Kumiko Shimizu: What is Utopia?
The Scarlett Maguire Gallery is situated in what its owner Jo Gavin calls a 'hidden artistic community', writes Austin Williams. Hidden, indeed. I regularly walk along an adjacent street and hadn't noticed the pull of bohemia.
It's a small gallery - a 40m 2 white-walled box with window frontage on the ground floor; sufficient to accommodate intimate exhibitions. The works of Japanese artist Kumiko Shimizu, who has lived in London for 30 years, are ideally suited to the space.
On first viewing, it appears that this is simply a collection of third-year architectural drawings complete with collage techniques, complicated perspective and unintelligible elevations. And it is true that Kumiko has studied architecture. At the Bartlett, her tutor was Colin Fournier, who says: 'She is unique in that, unlike the majority of students who come from an architectural background, she is the only student I have had, in the last five or six years, who came from a fine arts background.' Placed in this context - and in the proscriptive setting of a gallery - these works become art rather than technical drawings and therefore their interpretation takes on a more subtle, more emotive, less literal meaning. 'I am an artist, ' says Kumiko. 'I want to provoke debate.' Kumiko's utopian proposals take place in Death Valley, Hong Kong and Shanghai, and their innocent presentation belies a critical take on urban form as it is currently constituted. She is toying with the separation of nature and humanity. Indeed, her utopia places humans in the air so that 'nature' can continue to run amok at ground level. Using clues from nature - the proportions from wood grain, the angularity of tree trunks, the pattern of waves traced on a beach - she has tried to create architectural forms that harmonise with nature.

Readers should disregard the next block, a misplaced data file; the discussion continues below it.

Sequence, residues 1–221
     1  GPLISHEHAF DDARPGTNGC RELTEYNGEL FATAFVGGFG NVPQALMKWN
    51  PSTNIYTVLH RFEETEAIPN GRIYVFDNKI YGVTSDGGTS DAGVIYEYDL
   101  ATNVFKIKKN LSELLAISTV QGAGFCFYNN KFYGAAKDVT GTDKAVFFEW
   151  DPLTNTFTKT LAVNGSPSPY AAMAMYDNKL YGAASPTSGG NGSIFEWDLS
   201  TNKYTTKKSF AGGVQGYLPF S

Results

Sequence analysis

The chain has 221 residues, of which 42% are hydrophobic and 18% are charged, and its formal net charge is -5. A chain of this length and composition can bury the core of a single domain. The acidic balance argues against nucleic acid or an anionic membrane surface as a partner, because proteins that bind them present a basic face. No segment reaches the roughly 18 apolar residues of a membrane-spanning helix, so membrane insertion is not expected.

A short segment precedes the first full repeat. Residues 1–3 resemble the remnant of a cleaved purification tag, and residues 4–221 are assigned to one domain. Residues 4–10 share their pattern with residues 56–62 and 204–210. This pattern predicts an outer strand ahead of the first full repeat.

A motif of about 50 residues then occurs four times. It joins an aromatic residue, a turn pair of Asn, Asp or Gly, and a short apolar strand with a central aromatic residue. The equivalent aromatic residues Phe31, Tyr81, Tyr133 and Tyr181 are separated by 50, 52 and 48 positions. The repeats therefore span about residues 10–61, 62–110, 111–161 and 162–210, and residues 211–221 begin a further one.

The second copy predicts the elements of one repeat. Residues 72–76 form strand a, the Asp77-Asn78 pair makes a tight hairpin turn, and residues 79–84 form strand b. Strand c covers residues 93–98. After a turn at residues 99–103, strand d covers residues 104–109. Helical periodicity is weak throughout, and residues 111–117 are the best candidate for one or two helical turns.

There is quite a lot to argue about here but, on the other hand, visiting academics might learn to assess their students' proposals on more artistic, less objective, grounds than is currently the case.